2017-02-02 / Front Page

NRF 'Leader and Influencer' Moves On

By Betsy Sherman Walker


"At NRF, Pieter became the champion of the Newport streetscape," says NHS Executive Director Ruth Taylor. "But, he has also been essential as a convener of colleagues, a connection to the field at large, and a sounding board for many of us as we explore new ideas and plan new programs." (NTW File Photo) "At NRF, Pieter became the champion of the Newport streetscape," says NHS Executive Director Ruth Taylor. "But, he has also been essential as a convener of colleagues, a connection to the field at large, and a sounding board for many of us as we explore new ideas and plan new programs." (NTW File Photo) The Newport Restoration Foundation announced on Tuesday, Jan. 24, that Wendy Nicholas, a Boston-based nonprofit administrator, had been appointed interim executive director at the NRF. Board President Roger Mandle, who made the announcement, cited Nicholas’ “wealth of experience in nonprofit leadership as well as historic preservation.”

Nicholas follows Pieter Roos, who is moving on after nearly 20 years at the helm of the foundation.

In a professional statement, Nicholas explains that she provides “interim leadership for nonprofits going through organization and leadership transition.” Her years in the field include 13 as executive director of the Providence Preservation Society, followed by a 17-year tenure as the Northeast regional director for the National Trust for Historic Preservation.


Wendy Nicholas Wendy Nicholas The rich tableau of Newport’s architectural history and its commitment to preservation will no doubt get a pop of color from the practiced strokes of Nicholas’ brush. “I am delighted to be stepping in,” she said. “Times of transition can be very exciting and positive, and lead to many opportunities to grow and excel.” Her immediate priorities, Nicholas told Newport This Week, include “working with the NRF staff and board to advance key priorities in the 2015 strategic plan.”

The foundation is perhaps best-known as the keeper of Rough Point, which was built in 1887 for William H. Vanderbilt but later garnered more significance as the Newport home of tobacco heiress Doris Duke. With her affinity for the extravagant and the exotic (her camels, Princess and Baby, roamed the grounds), Duke was also a philanthropist and art collector. The foundation notes that her home is “still decorated as she left it with French furniture, European art, Chinese porcelains, and Flemish tapestries.”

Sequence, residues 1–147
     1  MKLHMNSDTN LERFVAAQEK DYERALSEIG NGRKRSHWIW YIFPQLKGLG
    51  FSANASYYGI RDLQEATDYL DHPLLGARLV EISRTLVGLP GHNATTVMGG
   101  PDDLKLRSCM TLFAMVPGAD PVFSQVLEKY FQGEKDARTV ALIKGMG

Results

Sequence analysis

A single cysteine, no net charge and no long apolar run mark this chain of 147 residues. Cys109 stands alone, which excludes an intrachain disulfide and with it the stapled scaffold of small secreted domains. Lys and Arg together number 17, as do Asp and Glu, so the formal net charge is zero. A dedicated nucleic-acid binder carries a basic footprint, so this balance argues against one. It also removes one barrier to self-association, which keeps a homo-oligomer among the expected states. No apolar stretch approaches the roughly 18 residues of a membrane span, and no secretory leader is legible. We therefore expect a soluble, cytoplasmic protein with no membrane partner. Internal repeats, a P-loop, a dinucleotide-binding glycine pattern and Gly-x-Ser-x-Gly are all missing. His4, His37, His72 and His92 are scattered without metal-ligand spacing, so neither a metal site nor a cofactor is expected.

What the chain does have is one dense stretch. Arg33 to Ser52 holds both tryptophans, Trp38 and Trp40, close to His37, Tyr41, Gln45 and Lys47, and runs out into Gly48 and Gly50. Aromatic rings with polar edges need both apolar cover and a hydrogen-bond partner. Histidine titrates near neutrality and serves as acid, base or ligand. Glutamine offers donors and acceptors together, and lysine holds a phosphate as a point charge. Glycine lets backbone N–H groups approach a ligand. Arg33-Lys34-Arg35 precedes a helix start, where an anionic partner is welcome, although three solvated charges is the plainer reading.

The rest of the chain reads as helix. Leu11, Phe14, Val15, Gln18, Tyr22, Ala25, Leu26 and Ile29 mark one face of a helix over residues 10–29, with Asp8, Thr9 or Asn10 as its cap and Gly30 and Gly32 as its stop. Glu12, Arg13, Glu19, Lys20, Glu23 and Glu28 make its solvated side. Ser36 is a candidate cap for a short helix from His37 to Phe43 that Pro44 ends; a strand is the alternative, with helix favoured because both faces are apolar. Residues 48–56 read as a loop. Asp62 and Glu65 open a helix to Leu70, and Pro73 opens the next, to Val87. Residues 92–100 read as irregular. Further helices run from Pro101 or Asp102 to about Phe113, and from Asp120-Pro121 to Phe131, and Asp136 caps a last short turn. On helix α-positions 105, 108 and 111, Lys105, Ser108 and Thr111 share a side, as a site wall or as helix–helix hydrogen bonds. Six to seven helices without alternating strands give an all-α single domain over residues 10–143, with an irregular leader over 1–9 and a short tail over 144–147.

Mandle said that “Pieter’s vision led to the transformation of Rough Point from a private home into one of the premier house museums in the region.”

Among his colleagues, Roos was seen as an adept collaborator. “Pieter has been an important participating member of Newport’s history and heritage community in both formal and informal ways,” said Ruth Taylor, executive director of the Newport Historical Society. “Certainly he was a leader and an influencer in his positions at the NHS and then the NRF.”

Taylor also told Newport This Week that Roos was “an advocate for the visitor experience and for authentic history programming.”

As a practiced interim director, Nicholas’ goal will be to go forth mindfully and steward the transition. Noting that a tenure of 18 years is “rarely seen nowadays,” Roos has said he is leaving to pursue “new challenges,” which he has already begun to explore.

Perhaps there is another Rough Point waiting.

Roos’ work with the NRF ranged from organizing last April’s Keeping History Above Water conference on the risks posed by sea level rise to historic coastal communities, to campaigning for a historic planner position for the City of Newport, to reforming Historic District zoning ordinances. He oversaw the restoration of properties on Aquidneck Island and recognized the potential in Rough Point as a venue – both house and grounds – for changing exhibitions. He also developed a maintenance program for the NRF properties that became a role model for other organizations to follow. To this day, the residences are known to locals as Doris Duke houses.

“Finally,” Mantle noted, “he led the re-birth of Queen Anne Square from an overlooked eyesore into a magnificent, vibrant public space, utilizing the design skills and artistry of Maya Lin.”

Nicholas said that she finds the History Above Water conference particularly compelling. “Now is the challenge," she adds, "to follow the symposium with some actions to protect Newport properties that are vulnerable to flooding and other impacts of sea level rise.”

“We have built something really great here,” Roos said.

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